By Shirley Li
Given the ongoing nature of the pandemic, it may seem senseless to make a two-hour film that looks back on how the coronavirus ran rampant in the U.S. And yet, Totally Under Control—from the Oscar-winning writer-director Alex Gibney and his co-directors, Ophelia Harutyunyan and Suzanne Hillinger—not only documents the chaos of 2020 with clear-eyed precision, but also successfully argues for its own existence.
Filmed in secret over five months, Totally Under Control (streaming on Hulu) uses news footage and interviews with experts and government whistleblowers to show how the administration missed each opportunity to either stop the virus from arriving in the U.S. or prevent its spread. The filmmakers present these events in rapid, blow-by-blow succession, lending the doc an urgency that contrasts with the languid federal response to the pandemic. The result is a film that—unlike 76 Days, the moving and intimate documentary on the lockdown in Wuhan, China, made without talking heads—feels shocking to watch in retrospect for its crisp frankness. Viewers may have grown numb to the constant churn of distressing news and learned to stomach the administration’s failure to contain the virus. But Totally Under Control refuses to look away, and being reminded of how many warnings went unheeded is unnerving.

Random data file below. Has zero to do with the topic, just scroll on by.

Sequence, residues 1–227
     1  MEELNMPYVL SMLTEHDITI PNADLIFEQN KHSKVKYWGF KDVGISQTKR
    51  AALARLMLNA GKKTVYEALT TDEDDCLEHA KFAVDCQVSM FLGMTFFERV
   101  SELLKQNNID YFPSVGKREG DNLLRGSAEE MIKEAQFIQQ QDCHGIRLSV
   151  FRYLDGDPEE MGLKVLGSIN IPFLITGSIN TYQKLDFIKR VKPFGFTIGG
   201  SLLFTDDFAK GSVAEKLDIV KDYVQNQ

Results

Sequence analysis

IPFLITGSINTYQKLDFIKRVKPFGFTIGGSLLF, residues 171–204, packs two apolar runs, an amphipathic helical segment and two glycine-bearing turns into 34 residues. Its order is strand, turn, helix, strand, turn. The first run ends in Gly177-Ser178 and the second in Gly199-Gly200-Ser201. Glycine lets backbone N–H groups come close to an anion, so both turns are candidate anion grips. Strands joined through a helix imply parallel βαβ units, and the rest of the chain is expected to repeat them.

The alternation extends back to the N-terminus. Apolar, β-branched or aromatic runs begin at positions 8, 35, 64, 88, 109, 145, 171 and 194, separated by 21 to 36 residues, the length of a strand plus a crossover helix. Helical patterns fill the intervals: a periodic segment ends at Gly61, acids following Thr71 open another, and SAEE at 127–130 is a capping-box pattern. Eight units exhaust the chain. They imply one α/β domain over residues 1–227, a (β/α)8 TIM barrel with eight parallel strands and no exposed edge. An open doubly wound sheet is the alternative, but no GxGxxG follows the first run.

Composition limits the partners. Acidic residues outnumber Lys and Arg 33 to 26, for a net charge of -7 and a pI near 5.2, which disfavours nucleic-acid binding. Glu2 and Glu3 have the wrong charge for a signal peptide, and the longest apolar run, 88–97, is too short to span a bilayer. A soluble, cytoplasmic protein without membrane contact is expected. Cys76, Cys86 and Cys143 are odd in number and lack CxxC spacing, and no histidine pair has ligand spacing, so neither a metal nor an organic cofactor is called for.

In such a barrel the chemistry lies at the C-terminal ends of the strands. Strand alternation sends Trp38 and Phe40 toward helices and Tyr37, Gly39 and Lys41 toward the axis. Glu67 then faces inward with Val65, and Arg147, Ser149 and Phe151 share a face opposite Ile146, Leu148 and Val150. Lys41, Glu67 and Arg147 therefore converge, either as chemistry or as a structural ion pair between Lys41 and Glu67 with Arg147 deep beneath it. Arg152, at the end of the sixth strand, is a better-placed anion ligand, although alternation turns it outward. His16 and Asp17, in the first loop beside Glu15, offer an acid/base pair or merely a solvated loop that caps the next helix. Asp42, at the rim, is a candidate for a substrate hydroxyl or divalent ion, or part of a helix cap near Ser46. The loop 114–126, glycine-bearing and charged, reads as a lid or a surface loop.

I forgot, for instance, that in February and March, cruise ships that couldn’t dock had been petri dishes that carried infected Americans while the administration dismissed the virus’s threat. I forgot that the Centers for Disease Control and Prevention once discouraged the general public from wearing masks, because health-care workers needed the limited supply. I also forgot that Nancy Messonnier, of the CDC, warnedat the end of February that the virus would spread in the U.S., and days later, she stopped appearing in the White House’s briefings.
If Totally Under Control simply presented all of these facts as events on a timeline, it would have come off as a brutal but rote history lesson. Instead, Gibney and his co-directors make the scope of America’s failures clear by comparing America’s response with that of South Korea. The two first-world countries found their first cases on the same day in January, but only one managed to avoid shutdowns and an economic free fall. In a rather wistful interview, the South Korean doctor Kim Jin Yong speaks candidly about how much he admired America and the CDC. He points out that 90 percent of the medical textbooks in South Korea are American, and that America has paved the way for medical advances, including inventing the N95 face mask in the 1990s. So watching America flounder has been, he says bluntly, “so sad.” Read More.